The romance of the quick buck never goes out of style, and the burgeoning cannabis industry is arguably the sexiest get-rich-quick opportunity out there today for people with a couple million dollars to spare. People who are getting out their wallets to buy into that opportunity are “money people,” not cultivators, yet they are confident they can hire someone to grow this plant for them. One of our cultivator friends in the business laughed when we asked a prospect if she “had $2 million for the facility and startup?” Our friend rightly suggested that the right question really was: “Did she have $2 million to lose?”
Don’t let being star struck turn into dumbstruck. Here are some important points you absolutely should consider before you start on your path to cultivation. If you can say you understand them and how you will act on them, you are off to a good start. If, however, these are foreign topics, you would do well to seek help in researching and planning your operation.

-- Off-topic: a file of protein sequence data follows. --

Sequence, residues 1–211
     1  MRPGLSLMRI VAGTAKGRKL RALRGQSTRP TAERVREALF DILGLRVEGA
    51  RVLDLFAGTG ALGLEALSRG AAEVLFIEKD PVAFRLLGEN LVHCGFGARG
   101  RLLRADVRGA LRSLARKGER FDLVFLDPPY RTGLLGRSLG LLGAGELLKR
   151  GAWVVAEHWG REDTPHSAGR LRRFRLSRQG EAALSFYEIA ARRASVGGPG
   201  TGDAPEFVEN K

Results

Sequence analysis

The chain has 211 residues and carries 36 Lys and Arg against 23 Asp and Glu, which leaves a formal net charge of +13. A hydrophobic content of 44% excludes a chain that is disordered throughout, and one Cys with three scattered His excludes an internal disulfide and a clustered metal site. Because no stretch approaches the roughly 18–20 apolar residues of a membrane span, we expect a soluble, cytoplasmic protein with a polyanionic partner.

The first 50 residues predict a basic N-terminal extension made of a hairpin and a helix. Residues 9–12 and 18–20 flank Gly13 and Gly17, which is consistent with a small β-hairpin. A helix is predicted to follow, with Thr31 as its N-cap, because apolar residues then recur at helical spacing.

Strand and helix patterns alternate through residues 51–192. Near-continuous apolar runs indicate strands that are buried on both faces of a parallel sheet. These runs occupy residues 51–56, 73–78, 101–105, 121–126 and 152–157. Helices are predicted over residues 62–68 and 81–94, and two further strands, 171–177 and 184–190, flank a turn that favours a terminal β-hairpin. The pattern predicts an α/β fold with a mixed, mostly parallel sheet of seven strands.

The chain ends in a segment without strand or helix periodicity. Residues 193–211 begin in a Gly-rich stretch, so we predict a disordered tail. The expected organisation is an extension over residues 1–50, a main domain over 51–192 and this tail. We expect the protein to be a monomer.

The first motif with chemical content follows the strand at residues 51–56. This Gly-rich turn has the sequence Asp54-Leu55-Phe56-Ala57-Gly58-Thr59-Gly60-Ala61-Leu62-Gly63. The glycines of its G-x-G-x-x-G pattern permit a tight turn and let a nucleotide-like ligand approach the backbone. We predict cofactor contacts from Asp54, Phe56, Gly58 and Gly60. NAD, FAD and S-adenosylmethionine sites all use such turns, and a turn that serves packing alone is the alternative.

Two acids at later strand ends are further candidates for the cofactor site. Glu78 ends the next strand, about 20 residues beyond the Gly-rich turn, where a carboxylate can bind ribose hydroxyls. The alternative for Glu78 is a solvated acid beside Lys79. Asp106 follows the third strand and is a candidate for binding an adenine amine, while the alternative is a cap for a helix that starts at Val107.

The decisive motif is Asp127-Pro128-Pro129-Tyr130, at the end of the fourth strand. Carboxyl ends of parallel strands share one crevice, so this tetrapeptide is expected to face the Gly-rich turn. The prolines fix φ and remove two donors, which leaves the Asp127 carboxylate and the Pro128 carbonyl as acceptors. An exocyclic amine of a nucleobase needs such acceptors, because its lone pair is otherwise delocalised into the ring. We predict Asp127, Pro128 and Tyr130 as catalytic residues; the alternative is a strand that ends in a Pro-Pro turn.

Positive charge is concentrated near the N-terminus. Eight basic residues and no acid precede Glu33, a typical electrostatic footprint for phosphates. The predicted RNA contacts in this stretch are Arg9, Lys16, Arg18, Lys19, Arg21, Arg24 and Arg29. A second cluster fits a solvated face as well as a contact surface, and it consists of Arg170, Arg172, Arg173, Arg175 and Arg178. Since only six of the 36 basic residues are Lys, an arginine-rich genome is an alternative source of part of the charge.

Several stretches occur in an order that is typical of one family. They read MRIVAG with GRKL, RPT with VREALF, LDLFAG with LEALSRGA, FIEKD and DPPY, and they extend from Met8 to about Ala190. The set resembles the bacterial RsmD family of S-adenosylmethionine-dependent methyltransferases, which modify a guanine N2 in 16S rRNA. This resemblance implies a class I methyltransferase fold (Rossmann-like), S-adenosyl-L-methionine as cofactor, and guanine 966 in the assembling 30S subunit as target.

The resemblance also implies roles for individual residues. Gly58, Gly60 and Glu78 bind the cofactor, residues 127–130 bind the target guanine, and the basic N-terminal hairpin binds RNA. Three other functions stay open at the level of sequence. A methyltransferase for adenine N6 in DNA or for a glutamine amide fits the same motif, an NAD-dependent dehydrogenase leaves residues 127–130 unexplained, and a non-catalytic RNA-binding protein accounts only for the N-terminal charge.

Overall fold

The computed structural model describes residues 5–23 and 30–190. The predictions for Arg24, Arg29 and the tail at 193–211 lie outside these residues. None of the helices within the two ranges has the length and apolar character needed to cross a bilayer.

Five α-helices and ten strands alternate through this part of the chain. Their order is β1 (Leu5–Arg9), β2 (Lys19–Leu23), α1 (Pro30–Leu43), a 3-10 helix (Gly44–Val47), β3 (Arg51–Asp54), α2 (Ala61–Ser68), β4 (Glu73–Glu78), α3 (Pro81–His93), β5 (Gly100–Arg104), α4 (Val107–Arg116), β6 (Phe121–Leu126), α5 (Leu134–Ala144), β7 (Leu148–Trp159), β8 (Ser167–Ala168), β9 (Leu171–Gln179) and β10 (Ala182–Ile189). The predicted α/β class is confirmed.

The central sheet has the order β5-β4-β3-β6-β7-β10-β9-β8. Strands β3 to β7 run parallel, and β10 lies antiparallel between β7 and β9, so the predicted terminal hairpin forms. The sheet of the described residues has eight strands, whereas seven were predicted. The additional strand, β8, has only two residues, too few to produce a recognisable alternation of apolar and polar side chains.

Does your team, or prospective team, know how to control the major cannabis pests using only the (very small or non-existent) list of pesticides approved for use in cannabis cultivation in your state, or no pesticides at all? A well thought out pest-management scheme pays dividends every day.
Pressurized rooms are often cited as effective in preventing airborne “bad actors” from entering the grow space. But make sure that the pressurized air does not flow into another cultivation space, contributing to contamination. If you are willing to spend the money on clean room facilities, you may not need to spray pesticides at all.
If not, however, there are a number of important considerations. Pesticide labels often say something like, “Apply before pests appear. Not effective against established populations.” It is imperative growers understand that these pesticides cannot control pests without help and that they must turn to the principles of integrated pest management (IPM). They need to learn to use every tool available to them to keep pests away from their plants and reduce the need for pesticides. This often requires changes to workflows, access points in cultivation spaces and even infrastructure. It is never fun.
A common phrase overheard again and again regarding pesticides is, “Oh, I tried that stuff; it didn’t work.” Close examination of these cases often reveals usage mistakes, or a lack of understanding how the pesticides work. If you’re using a pesticide that only affects developing insects, for example, don’t judge it to be ineffective when it does not kill the adults.